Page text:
|My niece Laura took this pic|
I may have been the only person in the RevGalBlogPals “Friday Five” game this week who chose “univocal” instead of “equivocal” given that choice. I’ve had some fun thinking about my process in making what was, for me, a very surprising choice. The way it went:
- The underdog: I immediately suspected that “univocal” wouldn’t get many votes in a group of remarkably multi-dimensional women. I gravitate to the underdog, no doubt about that. The “underdog factor” kept me from making a quick choice for “equivocal” and I took a step across the aisle to stand with the (I imagined) unpopular choice for a moment.
- Pick the one that is not immediately appealing to me: In this choice, I saw “single voice” (one dimensional?) vs. “Equal voices” (multi-dimensional?) and knew that I would usually be attracted to “equivocal” as the choice that represented more strands bringing diversity and rich depth. These are things I wrap myself in regularly. But then I tried to imagine the appeal of “univocal.” And I surprised myself by imagining times when the single voice, standing out above all other less-focused voices, is very appealing. Example: Jesus
- Help from dictionary.com: Univocal has a single meaning; unambiguous. Equivocal has three definitions (1) allowing the possibility of several different meanings, as a word or phrase, especially with intent to deceive or misguide; susceptible of double interpretation; deliberately ambiguous. (2) of doubtful nature or character; questionable; dubious; suspicious (3) of uncertain significance; not determined. Though not always “with intent to deceive or misguide,” equivocal began to look to me like a word that encompasses “lazy compromises” as well as, perhaps, more intentional “arms wide open” choices.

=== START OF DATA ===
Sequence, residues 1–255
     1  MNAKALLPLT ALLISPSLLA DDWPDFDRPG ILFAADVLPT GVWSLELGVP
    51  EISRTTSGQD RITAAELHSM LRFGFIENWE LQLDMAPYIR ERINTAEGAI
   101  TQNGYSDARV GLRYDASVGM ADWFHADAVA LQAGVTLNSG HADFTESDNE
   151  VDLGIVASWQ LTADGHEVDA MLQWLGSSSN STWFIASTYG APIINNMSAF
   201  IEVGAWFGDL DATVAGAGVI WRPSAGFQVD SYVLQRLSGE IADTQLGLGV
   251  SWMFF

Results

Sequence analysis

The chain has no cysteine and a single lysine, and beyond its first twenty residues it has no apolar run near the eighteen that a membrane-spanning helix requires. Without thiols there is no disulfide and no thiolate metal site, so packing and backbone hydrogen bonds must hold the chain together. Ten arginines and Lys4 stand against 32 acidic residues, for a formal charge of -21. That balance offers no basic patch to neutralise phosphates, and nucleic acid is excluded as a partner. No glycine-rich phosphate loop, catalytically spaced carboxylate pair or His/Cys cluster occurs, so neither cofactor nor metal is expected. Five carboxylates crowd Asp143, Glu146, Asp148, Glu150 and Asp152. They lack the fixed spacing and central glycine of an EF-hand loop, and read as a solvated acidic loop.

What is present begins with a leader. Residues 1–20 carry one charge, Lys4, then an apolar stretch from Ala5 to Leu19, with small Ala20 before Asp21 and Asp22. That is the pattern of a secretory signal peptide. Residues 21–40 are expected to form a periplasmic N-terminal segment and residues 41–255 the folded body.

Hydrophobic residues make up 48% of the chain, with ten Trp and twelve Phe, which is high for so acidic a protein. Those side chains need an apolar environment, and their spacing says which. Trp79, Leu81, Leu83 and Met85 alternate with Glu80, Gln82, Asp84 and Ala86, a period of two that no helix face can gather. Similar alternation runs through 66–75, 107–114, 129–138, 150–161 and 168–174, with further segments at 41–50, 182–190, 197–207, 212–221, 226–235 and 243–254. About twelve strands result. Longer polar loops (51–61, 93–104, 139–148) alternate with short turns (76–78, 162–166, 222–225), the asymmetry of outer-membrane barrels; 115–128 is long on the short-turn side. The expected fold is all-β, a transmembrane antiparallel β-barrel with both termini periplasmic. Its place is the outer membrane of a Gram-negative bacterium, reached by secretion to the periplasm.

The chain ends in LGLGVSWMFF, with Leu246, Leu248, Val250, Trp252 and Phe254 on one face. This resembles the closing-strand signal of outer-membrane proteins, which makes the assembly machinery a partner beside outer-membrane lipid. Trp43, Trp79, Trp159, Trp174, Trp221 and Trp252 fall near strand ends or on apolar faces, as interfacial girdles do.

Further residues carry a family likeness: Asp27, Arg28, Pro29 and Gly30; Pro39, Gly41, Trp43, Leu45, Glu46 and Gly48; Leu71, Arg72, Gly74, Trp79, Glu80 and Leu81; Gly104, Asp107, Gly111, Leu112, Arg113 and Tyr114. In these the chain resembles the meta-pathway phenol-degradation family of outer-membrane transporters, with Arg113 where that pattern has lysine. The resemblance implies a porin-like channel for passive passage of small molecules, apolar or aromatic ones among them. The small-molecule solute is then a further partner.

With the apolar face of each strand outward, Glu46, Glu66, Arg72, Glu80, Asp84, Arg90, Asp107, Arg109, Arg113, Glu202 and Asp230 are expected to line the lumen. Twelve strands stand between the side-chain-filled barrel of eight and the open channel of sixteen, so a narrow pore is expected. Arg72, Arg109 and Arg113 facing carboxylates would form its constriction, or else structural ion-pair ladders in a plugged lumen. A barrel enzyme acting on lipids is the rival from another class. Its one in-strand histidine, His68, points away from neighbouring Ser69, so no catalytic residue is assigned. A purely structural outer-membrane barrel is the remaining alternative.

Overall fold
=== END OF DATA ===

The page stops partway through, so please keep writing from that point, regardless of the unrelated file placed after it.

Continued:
- My context: As many of the RevGals pointed out, life itself is made up of ambiguity, is multi-dimensional, and not always easy to put in a box. Ministry life is all of that, as is church life. I accept life on those terms; I even treasure that, most of the time. I just happen to be in a phase of life (ministry, church, personal) where the unambiguous voice is much appreciated and, truthfully, much needed.
- About Jesus … Jesus certainly shows up as equivocal and ambiguous. He spoke in parables, after all! But I also see how his life (self-understanding, mission) might very well be called univocal.